Paraguay becomes 50th state worldwide to prohibit all corporal punishment of children

On 17 August 2016, the Paraguayan National Congress approved the Law on Promotion of Good Treatment, Positive Parenting and Protection of Children and Adolescents against Corporal Punishment or Any Type of Violence as a Method of Correction or Discipline (Ley de Promoción del Buen Trato, Crianza Positiva y de Protección a Niñas, Niños y Adolescentes Contra el Castigo Físico o Cualquier Tipo de Violencia Como Método de Corrección o Disciplina), which was enacted by the Executive on 2 September 2016.

This reform makes Paraguay the 10th Latin American state to achieve this fundamental reform for children. Globally, Paraguay is the 50th state to prohibit corporal punishment in all settings, including the home.

Article 1 of the new law confirms the right of the child and adolescent to good treatment and the prohibition of corporal punishment and humiliating treatment (unofficial translation):

All children and adolescents have the right to good treatment and for their physical, psychological and emotional integrity to be respected. This right includes the protection of their image, their identity, their autonomy, their thoughts, their feelings, their dignity and their values.

Corporal punishment and humiliating treatment of children and adolescents is prohibited as a form of correction or discipline, especially when it is imparted by parents, tutors, guardians or anyone responsible for their education, care, guidance, or treatment of any kind.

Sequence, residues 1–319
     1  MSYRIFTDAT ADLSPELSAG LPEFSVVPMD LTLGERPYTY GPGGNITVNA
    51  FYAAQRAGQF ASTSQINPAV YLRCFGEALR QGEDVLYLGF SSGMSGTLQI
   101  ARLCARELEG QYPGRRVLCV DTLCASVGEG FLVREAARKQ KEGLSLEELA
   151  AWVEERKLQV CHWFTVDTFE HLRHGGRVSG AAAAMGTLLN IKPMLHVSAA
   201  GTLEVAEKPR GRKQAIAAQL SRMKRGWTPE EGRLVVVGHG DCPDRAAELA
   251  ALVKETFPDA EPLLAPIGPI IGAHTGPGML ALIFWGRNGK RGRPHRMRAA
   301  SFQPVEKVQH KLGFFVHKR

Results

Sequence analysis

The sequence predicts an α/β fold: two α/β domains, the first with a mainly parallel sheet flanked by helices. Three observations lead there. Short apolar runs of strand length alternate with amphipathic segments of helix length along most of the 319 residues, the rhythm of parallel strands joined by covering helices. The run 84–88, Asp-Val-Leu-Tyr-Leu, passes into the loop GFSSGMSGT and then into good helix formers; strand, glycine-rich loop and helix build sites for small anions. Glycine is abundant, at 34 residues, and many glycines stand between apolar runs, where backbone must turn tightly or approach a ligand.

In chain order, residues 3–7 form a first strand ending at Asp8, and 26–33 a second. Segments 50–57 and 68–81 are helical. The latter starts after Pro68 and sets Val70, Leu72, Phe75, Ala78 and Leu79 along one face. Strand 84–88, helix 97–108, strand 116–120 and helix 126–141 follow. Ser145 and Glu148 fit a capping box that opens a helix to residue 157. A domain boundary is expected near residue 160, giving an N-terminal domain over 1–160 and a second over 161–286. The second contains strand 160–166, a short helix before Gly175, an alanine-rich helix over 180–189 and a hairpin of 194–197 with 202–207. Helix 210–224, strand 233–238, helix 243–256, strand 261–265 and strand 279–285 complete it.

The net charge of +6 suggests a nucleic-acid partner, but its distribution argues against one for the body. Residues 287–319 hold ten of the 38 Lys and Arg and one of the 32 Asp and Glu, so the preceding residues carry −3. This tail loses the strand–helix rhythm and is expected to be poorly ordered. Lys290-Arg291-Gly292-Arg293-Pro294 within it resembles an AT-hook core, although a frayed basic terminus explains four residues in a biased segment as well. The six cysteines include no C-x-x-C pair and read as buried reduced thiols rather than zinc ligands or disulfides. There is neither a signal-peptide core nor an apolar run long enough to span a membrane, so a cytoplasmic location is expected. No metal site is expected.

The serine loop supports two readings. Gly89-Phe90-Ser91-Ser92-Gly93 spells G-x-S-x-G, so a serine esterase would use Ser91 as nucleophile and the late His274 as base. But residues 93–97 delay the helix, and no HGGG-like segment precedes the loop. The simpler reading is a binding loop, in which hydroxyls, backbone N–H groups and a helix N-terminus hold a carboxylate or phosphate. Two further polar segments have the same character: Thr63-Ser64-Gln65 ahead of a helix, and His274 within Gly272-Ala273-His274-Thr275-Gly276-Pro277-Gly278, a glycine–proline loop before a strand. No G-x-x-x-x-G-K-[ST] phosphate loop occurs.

Children and adolescents are especially entitled to receive guidance, education, care and discipline by implementing guidelines for positive parenting.

The new law puts an emphasis on prevention of corporal punishment and measures to ensure implementation of the law (article 5). It also requires the Ministry of Education and Culture to provide and allocate the necessary means and resources to effectively implement prohibition of corporal punishment in the formal and non-formal education field (article 6) and, together with the Ministry of Public Health and Social Welfare, to establish accessible complaints mechanisms (article 8).

Prior to this reform, corporal punishment was prohibited in shelter homes, in penal institutions and as a sentence for crime in Paraguay, but it was not explicitly prohibited in the home, other alternative care settings, day care and schools.

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